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Tango and the Poetic Body

Holiday Tango Therapy Classes!
By Christina Johnson and Ezequiel A. Peinado
Tue, Dec 19, and 26, 10:3011:30am
Optional time practice11:30am2:30pm
Pure Fitness studio, Stirling Dickinson 15
180 pesos per couple per class or 650 for the series of 4, paid on first class
120 pesos per single for class, or 450 for the series of 4, paid on first class
30 pesos each person for each practice hour.
Please bring correct change!
Christina: 154 9085
No partner needed!

By Christina Johnson
“Sunday, March 15, 2017
I don’t feel I belong in this year of 2017. Rather I belong to the decade of the 1950’s and rolled jeans and high heels and lipstick, and to the 1930’s when Argentine tango became liberated and threatened the heart of Europe.

The huge art deco cafe is now filling up; there were only six tables filled when I arrived. Buenos Aires is incredible, as you can never guess where people are from because most of the Porteños look European. Thus, the three women with Chardonnay colored hair are chatting in Castellano, and the handsome men with thick white hair next to me are also speaking Castellano but it is obvious from their accents that they have dense Italian roots.

It is Sunday in Buenos Aires, and everyone likes to go to the cafe and then perhaps take a power walk or a wheelchair stroll through the cemetery and go sit under the world’s largest Banyan tree.”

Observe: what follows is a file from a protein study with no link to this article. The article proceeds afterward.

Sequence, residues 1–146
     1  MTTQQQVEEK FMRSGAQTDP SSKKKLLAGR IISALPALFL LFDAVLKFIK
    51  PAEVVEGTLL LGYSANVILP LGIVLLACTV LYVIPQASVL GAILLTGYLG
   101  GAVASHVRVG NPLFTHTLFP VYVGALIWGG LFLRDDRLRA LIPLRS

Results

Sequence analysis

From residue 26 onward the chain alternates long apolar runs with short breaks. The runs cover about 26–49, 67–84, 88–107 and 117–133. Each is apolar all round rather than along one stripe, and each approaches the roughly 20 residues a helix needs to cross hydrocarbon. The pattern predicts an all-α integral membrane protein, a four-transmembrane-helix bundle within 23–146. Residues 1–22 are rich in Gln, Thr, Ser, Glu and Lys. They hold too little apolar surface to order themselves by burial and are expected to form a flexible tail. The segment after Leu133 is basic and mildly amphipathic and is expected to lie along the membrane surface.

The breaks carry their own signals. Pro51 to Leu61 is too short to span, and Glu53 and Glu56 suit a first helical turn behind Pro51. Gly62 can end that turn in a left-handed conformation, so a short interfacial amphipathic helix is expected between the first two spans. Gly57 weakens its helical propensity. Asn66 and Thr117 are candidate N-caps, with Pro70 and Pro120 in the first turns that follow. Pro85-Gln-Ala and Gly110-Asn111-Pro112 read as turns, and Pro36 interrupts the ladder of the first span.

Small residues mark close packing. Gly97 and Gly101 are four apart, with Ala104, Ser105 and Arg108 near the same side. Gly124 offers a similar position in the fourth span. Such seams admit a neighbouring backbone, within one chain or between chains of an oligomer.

Whenever I go to Buenos Aires, I feel like writing. I dance hours of tango each day, and the more I dance the more creative I feel. It has been 18 years since I started dancing Argentine tango, and I have learned that the way I live most happily includes some of the principles of tango: courtesy, respect, heart to heart dialogue, living and moving from the heart.

In Tango Therapy, my teaching partner and I share that tango is not just a dance, it is a culture; a music and lifestyle that grew from German, Italian, and African immigrants during the 1800’s in Buenos Aires. Tango includes a way of moving that enjoys balance, creativity, coordination, and either close or casual body connection.

As we grow older, it is important to stay moving in order to maintain a healthy heart. When we enjoy our way of moving, we get the added benefits of inspirational thinking and confidence. Sometimes we exercise because we have to, but we can find a variety of exercise that is kind to our joints and spine and is not robotic.

With Tango Therapy, I have combined some movements from tango dance, other moves from dance therapists and some from my experience with Pilates and yoga. We do exercises mindfully, which means paying attention to the detail of a movement and learning what that particular muscle movement does. We challenge our brains to gain greater memory capacity and to initiate completely foreign ways of moving. We practice the basics of tango: how to use our core or axis, connect with a partner, develop the power of intention, and to begin to create physical poetry inside your body and express it using tango music.

Through the series of classes, students will learn basic moves of tango, but also may develop more skill generating thoughtful and fluid movements. We practice exercises together that do not require opposite gender partners. This class was designed for those over 50 who may have some difficulty with fluid movement, but any age is welcome. No partner needed!




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